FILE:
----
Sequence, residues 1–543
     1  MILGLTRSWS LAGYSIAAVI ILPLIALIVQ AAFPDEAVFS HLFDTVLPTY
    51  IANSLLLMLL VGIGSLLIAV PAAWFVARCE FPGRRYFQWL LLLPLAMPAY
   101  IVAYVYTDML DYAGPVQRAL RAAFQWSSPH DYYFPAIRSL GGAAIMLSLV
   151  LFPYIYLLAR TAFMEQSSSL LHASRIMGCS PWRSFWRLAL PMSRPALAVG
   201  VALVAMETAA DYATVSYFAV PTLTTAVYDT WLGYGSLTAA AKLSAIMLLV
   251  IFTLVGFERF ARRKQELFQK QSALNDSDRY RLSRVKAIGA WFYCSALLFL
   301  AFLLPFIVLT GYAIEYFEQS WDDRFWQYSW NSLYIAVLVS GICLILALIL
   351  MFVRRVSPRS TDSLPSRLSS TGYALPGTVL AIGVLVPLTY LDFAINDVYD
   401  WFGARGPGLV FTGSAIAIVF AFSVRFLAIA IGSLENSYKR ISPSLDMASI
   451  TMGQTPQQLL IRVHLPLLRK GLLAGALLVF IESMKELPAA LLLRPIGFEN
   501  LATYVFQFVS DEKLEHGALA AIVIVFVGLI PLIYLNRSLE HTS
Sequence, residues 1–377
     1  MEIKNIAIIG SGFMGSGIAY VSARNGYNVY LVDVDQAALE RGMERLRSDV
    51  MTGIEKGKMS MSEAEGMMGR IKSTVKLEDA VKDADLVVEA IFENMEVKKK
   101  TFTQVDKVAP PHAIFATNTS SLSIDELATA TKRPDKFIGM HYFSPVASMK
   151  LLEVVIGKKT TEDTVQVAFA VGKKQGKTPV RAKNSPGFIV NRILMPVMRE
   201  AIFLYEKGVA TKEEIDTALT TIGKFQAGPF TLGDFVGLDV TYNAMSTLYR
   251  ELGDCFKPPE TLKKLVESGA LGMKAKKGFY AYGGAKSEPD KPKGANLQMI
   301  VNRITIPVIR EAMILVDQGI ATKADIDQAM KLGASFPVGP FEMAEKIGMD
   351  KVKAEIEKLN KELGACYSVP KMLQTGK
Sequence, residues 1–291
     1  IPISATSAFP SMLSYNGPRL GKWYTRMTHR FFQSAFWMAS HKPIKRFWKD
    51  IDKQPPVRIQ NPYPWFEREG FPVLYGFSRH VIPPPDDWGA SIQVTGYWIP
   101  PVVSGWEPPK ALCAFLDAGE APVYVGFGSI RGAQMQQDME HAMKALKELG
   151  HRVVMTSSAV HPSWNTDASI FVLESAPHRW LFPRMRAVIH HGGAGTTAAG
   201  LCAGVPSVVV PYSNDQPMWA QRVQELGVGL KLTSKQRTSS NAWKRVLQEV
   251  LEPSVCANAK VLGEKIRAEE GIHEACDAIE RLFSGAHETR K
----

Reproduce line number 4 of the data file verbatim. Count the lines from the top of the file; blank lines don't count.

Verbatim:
   101  IVAYVYTDML DYAGPVQRAL RAAFQWSSPH DYYFPAIRSL GGAAIMLSLV